Haldon Belvedere

Constructed in 1785 as part of the 11,000 acre Haldon Estate, the Belvedere commemorates General Stringer Lawrence who formed and commanded the army in India. It was built by Sir Robert Palk, one time governor of Madras, in memory of his friend and their time together in India.

The position of the Belvedere is magnificent. It occupies a site that dominates the views from Exeter and the Exe valley and from its roof can be seen Torquay (to which the Haldon estate originally extended) Dartmoor and Exmoor.

In 1992, when the Trust's attention was called to the Belvedere, it was in a sad condition. The owner was not able to marshall the resources necessary to make even the basic repairs and, given its exposed position, one more storm could have spelled the end for the roof, the windows and much of the internal structure and 18C decorations. As a result of a long lease signed just in time and with the help of English Heritage and numerous other benefactors the Trust began the work of reconstruction and the result is the restored building open to be seen by the public today.

The Trust also conducts weddings at the Belvedere and this helps to maintain its structure for the benefit of many generations to come.

The story of Stringer Lawrence and Robert Palk is told on three unique boards in the entrance hall. The East India Company encountered problems in its trading pursuits with, on the one hand competing French and Dutch companies and, on the other, with the wealthy Indian princes who controlled the supplies of spices so desired by European markets. The company with the most effective militia usually obtained the contracts to trade and this was the task set by the government for Major Lawrence, who was by then a veteran of the battle of Culloden and many skirmishes around the Mediterranean. Promoted Major-General he was very successful especially against the French at the battle of Pondicherry. One of his protegees was Clive (of India) who rose to great prominence later.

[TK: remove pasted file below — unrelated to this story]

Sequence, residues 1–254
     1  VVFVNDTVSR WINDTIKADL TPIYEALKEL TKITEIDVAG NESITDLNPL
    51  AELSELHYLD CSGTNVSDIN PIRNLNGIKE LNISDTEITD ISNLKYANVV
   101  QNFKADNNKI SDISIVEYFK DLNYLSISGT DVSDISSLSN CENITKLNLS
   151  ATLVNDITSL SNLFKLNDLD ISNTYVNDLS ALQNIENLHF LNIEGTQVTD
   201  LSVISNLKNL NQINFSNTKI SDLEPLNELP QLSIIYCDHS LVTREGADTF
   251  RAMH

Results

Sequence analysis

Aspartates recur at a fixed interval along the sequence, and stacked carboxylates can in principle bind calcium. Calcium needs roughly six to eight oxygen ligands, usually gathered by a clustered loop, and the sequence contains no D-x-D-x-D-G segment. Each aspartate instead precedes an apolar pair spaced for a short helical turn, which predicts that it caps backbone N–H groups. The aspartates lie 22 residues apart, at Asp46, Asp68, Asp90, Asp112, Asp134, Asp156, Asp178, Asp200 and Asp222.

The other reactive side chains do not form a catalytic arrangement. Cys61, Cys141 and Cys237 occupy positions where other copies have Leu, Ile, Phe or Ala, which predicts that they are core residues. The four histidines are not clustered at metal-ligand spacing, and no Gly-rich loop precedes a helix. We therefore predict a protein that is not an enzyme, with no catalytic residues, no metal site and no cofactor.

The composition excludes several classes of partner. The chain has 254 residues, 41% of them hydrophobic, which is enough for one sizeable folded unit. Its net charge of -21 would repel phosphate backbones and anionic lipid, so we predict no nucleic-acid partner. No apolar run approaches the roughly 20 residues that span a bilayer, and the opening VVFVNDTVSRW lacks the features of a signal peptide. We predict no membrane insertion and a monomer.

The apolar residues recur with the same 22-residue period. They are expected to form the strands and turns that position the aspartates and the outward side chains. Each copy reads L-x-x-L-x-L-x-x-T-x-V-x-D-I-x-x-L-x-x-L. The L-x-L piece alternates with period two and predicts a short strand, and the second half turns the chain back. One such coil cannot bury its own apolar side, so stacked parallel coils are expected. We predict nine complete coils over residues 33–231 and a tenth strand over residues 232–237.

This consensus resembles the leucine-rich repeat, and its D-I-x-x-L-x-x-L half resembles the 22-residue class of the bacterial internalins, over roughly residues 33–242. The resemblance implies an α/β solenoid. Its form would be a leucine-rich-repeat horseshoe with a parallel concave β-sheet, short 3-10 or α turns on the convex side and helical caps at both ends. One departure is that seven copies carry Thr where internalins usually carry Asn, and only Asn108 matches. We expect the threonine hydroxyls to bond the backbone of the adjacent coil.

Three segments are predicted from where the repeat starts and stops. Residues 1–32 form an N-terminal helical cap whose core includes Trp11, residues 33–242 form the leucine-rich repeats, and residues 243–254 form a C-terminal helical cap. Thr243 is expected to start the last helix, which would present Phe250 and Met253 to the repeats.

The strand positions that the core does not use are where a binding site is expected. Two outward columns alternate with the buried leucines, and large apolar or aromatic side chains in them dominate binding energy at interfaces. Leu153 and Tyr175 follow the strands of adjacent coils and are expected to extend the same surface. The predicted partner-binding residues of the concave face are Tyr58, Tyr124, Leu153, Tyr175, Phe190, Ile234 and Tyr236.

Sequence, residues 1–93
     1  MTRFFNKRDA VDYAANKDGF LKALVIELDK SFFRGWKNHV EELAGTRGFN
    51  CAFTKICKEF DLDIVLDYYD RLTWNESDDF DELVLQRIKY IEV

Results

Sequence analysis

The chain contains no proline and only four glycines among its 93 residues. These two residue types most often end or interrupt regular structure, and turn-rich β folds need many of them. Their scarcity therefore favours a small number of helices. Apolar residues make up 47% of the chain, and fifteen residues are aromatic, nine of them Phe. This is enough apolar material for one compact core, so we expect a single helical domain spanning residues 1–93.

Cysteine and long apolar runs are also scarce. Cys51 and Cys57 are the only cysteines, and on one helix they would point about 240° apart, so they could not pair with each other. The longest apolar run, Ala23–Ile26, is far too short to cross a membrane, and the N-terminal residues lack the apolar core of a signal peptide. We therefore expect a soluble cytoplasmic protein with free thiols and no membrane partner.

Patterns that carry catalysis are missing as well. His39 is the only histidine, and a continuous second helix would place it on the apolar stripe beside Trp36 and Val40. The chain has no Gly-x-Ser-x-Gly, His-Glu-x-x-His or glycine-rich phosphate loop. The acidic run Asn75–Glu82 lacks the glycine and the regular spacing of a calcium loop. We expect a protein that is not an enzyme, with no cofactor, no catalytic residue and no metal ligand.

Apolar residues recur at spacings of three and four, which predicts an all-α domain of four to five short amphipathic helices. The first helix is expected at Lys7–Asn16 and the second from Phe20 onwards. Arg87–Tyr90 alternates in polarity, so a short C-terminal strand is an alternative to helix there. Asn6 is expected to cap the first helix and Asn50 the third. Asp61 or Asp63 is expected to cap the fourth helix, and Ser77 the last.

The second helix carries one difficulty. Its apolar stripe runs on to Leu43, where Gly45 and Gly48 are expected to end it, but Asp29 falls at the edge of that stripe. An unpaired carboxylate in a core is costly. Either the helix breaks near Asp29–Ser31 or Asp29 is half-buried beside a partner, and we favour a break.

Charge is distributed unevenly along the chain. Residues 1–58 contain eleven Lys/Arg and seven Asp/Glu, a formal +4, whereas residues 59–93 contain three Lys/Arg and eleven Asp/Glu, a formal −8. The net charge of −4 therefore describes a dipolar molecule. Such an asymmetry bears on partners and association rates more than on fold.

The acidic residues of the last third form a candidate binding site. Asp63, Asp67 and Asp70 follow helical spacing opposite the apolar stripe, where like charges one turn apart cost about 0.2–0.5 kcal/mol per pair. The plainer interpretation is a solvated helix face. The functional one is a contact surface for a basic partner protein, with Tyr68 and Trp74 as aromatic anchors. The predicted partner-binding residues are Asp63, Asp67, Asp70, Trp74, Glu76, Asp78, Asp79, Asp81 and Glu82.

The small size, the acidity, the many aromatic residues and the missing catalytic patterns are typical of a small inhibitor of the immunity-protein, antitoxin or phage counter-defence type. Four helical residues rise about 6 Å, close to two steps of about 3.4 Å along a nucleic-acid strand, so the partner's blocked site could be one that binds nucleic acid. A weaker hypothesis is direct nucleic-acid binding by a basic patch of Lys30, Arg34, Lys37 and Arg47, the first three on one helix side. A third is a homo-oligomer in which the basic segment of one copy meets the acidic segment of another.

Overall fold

Robert Palk was a cleric born in Devon who joined the East India Company as a chaplain. His talents brought him rapid promotion as Governor of Madras, then the major trading region with Calcutta of the East India Company. So General Sir Stringer Lawrence won the military contests and Sir Robert Palk completed the contracts as a direct result. When the time came for Sir Robert to retire he had accumulated sufficient wealth to be able to purchase 11,000 acres of Haldon Hill and much of Torquay. The story of the rise and fall of the Palk dynasty and Haldon House has been recorded elsewhere, but the evidence of the enduring friendship between Sir Robert Palk and Sir Stringer Lawrence can be seen to this day in the fully restored Haldon Belvedere.

The building is a three sided tower having entrance hall, first floor ballroom with mahogany floor, second floor large appartment with kitchen and bathroom and top floor roof with its huge views of much of Devon. The restoration work was completed in 1994 at a cost of £500,000 and required the work of many craftsmen.

One of the features of the ground floor is a statue of the General made by Mrs Coade in the 1788. It depicts him as a Roman general complete with helmet and sword. It stands on a Torquay marble plinth and looks towards Dunchideock Church in the valley below where his tomb and memorial lies.

In a later project funded by Ugborough, through the Landfill Tax initiative, the Belvedere grounds were restored to better frame the tower and to give pleasure to visitors. Research showed that the original architect placed the tower in a context that included landscaped grounds to the foreground (closer to the Exe estuary) and wild grounds to the background (Haytor and Dartmoor). Following this design faithfully involved much removal of undergrowth and protection of trees to give a harmonius and pleasant feel to the gardens and an exposed feel to the surrounding grounds. Whist this work proceeded a statue of Sir Walter Drake was discovered buried in the vicinity of the old tea-house. This was conserved by the Trust and presented to Buckland Abbey for display.